Red flag petition granted for Larimer County man accused of threatening mass shooting


Here’s a step-by-step guide to the booking process at Larimer County Jail. Wochit

Larimer County’s first red flag petition has been granted against a man accused of threatening in text messages to commit mass shootings.

The red flag petition, also called an extreme risk protection order, was granted for David Gatton, 32, after the judge reviewed text messages Gatton allegedly sent to his father that threatened a mass shooting.

Gatton is currently in custody at the Larimer County Jail awaiting criminal proceedings for a pending case relating to these allegations, and he has a separate mental health case pending in Larimer County courts. The extreme risk protection order hearing has been delayed a few times due to the coronavirus outbreak.

Eighth Judicial District Judge Stephen Jouard approved a permanent extreme risk protection order for Gatton on Wednesday after approving a temporary order in January. Jouard said there is “clear and convincing evidence” that Gatton is a threat. 

“Mr. Gatton has made credible threats of violence that are well documented in text messages,” Jouard said. “… Mr. Gatton is a danger to at least himself, if not to others.”

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Larimer County Sheriff’s Office Investigator Stephen Pastecki briefly testified in Wednesday’s hearing about the text messages between Gatton and his adoptive father in January and March 2019. 

In the texts — which Gatton admitted to sending — he said he was struggling to find work and that if his adoptive parents didn’t stop asking him to pay back money he owed them, he would enact his “master plan” to “kill a lot of people.”

The plan included Gatton doing something to get arrested, purchase two handguns after he’s released from jail, then become a “serial campus shooter” by committing mass shootings at two campuses. His texts did not name any specific schools as part of his plan, according to arrest documents.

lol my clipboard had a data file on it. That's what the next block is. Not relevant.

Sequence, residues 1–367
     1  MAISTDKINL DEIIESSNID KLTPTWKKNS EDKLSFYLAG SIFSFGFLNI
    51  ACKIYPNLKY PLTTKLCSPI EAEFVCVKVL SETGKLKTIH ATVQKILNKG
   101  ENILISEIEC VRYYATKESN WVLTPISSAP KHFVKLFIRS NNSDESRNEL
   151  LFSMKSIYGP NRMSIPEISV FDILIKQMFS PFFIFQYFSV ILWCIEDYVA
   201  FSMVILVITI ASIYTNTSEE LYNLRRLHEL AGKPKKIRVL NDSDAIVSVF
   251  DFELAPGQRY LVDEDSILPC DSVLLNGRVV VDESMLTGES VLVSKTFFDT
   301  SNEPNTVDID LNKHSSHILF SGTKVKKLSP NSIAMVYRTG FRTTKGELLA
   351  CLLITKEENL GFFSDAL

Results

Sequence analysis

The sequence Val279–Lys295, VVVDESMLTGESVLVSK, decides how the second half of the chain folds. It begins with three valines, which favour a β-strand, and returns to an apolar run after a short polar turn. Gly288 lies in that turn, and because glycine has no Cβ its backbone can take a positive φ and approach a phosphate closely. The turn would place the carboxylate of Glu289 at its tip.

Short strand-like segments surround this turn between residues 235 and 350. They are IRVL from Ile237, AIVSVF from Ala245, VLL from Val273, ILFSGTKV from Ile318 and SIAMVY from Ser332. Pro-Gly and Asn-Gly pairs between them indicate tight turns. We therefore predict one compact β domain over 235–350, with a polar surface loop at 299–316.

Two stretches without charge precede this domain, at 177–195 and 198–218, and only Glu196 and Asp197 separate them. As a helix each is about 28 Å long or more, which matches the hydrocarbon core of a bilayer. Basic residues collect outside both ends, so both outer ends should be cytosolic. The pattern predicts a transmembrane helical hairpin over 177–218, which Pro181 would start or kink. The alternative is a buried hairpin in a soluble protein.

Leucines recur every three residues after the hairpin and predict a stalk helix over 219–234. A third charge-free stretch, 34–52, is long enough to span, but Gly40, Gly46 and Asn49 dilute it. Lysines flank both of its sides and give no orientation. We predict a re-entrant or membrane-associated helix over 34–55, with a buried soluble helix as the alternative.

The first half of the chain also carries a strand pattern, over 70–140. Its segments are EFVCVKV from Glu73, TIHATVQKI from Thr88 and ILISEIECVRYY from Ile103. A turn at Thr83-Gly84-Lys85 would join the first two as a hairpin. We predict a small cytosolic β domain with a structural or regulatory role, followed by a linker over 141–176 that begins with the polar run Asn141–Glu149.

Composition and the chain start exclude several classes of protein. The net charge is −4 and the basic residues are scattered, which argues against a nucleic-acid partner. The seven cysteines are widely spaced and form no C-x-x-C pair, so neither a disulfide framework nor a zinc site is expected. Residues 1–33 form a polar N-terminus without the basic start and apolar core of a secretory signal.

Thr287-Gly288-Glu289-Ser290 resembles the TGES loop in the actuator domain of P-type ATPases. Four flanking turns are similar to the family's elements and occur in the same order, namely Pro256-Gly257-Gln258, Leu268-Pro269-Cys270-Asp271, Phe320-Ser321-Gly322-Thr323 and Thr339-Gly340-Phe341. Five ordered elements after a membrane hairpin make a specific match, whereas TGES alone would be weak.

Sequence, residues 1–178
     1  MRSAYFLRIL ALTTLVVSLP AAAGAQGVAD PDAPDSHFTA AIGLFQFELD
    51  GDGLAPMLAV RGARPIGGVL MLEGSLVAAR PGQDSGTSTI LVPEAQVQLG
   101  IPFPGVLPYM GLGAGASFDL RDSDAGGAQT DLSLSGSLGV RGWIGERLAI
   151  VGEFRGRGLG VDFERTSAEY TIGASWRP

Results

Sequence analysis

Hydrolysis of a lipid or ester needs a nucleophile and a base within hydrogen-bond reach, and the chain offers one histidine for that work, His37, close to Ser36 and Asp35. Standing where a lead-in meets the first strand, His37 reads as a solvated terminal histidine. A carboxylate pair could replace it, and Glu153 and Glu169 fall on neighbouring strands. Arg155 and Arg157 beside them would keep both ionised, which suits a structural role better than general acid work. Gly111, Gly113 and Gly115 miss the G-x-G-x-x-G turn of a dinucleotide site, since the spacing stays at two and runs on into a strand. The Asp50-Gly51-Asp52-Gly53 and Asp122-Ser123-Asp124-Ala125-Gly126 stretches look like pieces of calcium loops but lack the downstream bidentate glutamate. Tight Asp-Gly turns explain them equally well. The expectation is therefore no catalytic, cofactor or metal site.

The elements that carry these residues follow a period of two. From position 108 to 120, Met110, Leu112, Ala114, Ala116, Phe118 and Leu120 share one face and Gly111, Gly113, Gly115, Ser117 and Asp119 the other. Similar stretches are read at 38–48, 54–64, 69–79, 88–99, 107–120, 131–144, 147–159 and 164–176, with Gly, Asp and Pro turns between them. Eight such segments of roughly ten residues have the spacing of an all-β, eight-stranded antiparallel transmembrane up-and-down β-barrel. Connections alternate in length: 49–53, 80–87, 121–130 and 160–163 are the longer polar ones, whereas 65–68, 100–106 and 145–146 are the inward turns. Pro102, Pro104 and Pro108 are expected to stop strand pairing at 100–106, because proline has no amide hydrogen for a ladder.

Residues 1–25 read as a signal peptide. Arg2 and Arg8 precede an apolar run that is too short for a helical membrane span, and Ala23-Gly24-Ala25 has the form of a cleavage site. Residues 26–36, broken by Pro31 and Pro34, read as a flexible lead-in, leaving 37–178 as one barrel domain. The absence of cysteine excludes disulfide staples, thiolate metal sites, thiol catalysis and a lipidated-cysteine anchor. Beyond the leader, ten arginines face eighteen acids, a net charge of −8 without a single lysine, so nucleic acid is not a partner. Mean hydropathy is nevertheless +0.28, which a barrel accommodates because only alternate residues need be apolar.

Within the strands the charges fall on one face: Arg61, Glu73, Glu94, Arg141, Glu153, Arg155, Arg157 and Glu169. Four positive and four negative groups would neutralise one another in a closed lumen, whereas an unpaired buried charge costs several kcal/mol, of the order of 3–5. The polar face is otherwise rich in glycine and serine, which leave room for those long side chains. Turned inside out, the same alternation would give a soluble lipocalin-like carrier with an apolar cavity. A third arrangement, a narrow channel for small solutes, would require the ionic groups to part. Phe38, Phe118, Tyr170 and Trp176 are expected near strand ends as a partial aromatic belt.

Jouard also said Gatton’s clear statement that he planned to purchase firearms also justified the issuance of an extreme risk protection order. 

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Larimer County attorney David Ayraud said, in addition to Gatton’s pending mental health case, he was also previously placed on a three-day mental health hold, in Michigan in 2017. Pastecki said when he interviewed Gatton on March 18, 2019, after his arrest, Pastecki had concerns that Gatton was suffering from a mental condition.

Gatton’s attorney Sarah Cure argued Gatton’s statements were not credible threats. He has no history of physical violence, does not currently own a firearm and completely cooperated with law enforcement, allowing them to search his house, Cure said.

During the search of Gatton’s house, investigators did not find a firearm, ammunition or any evidence of planning for a mass shooting, Pastecki said. 

Ayraud attempted to call Gatton as a witness in this civil case hearing, but Cure and Gatton’s criminal defense attorney, Kathryn Hay, objected. They both argued the details of this civil case intertwine too much with the criminal case for Gatton to be able to answer any questions.

“This is a civil proceeding now infringing on his rights in the criminal case,” Hay told Jouard. 

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Cure, after saying Gatton would “plead the Fifth” Amendment, allowing him to remain silent when asked questions that could be incriminating, also claimed Gatton may not be competent to testify in the civil case. 

After briefly closing the courtroom to the public to discuss Gatton’s mental health case, Jouard said he would take notice of Gatton’s mental health case file.

Cure said Gatton invoked his right to remain silent to any questions asked of him in the hearing. 

In his ruling, Jouard also ordered Gatton be sent to the Colorado Mental Health Institution in Pueblo for evaluation.

Ayraud said doctors who have conducted previous mental health evaluations on Gatton have diagnosed him with several mental conditions. One doctor’s report said Gatton has “lethal impulses” and is prone to violence. 

“We put all these together, and this is exactly why the extreme risk protection order was implemented,” Ayraud said.

All suspects are presumed innocent until proven guilty in court. Arrests and charges are merely accusations by law enforcement until, and unless, a suspect is convicted of a crime.

Sady Swanson covers crime, courts, public safety and more throughout Northern Colorado. You can send your story ideas to her at or on Twitter at @sadyswan. Support our work and local journalism with a digital subscription at

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